In this study, fossil debris-covered glaciers are investigated and dated in the Sierra de la Demanda, northern Spain. They are located in glacial valleys of approximately 1 km in length, where several moraines represent distinct phases of the deglaciation period. Several boulders in the moraines and fossil debris-covered glaciers were selected for analysis of 10Be surface exposure dating. A minimum age of 17.8 ± 2.2 ka was obtained for the outermost moraine in the San Lorenzo cirque, and was attributed to the global Last Glacial Maximum (LGM) or earlier glacial stages, based on deglaciation dates determined in other mountain areas of northern Spain. The youngest moraines were dated to approximately 16.7 ± 1.4 ka, and hence correspond to the GS-2a stadial (Oldest Dryas). Given that the debris-covered glaciers fossilize intermediate moraines, it was deduced that they developed between the LGM and the Oldest Dryas, coinciding with a period of extensive deglaciation. During this deglaciation phase, the cirque headwalls likely discharged large quantities of boulders and blocks that covered the residual ice masses. The resulting debris-covered glaciers evolved slowly because the debris mantle preserved the ice core from rapid ablation, and consequently they remained active until the end of the Late Glacial or the beginning of the Holocene (for the San Lorenzo cirque) and the Holocene Thermal Maximum (for the Mencilla cirque). The north-facing part of the Mencilla cirque ensured longer preservation of the ice core.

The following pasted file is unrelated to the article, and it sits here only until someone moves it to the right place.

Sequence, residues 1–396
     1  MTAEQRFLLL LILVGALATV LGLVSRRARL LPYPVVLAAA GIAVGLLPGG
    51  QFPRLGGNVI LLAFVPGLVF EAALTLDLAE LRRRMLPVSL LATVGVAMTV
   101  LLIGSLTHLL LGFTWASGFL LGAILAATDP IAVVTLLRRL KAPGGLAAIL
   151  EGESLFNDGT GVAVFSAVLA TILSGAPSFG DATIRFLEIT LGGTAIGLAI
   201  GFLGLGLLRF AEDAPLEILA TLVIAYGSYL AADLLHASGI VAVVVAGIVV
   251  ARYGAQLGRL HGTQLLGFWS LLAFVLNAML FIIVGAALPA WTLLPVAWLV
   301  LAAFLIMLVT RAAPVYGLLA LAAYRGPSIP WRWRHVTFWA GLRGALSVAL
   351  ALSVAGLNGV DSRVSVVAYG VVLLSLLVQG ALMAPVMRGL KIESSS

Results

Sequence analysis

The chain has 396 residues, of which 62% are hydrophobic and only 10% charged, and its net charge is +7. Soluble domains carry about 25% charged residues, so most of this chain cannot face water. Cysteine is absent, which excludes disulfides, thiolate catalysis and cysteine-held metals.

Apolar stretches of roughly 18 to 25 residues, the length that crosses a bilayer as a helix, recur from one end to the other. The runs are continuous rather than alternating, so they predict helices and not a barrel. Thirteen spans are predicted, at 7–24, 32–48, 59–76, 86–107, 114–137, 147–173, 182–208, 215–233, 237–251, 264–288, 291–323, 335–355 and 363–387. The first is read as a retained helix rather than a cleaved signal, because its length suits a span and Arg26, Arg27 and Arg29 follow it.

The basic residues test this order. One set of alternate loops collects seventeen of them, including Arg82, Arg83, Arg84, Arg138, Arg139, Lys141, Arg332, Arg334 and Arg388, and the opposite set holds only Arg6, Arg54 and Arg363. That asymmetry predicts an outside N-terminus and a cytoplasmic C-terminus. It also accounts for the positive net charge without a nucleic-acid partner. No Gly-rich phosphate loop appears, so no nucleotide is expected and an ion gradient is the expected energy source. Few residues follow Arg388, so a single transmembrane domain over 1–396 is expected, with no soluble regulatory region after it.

Quaternary Science Reviews – Elsevier
Published: Aug 15, 2017
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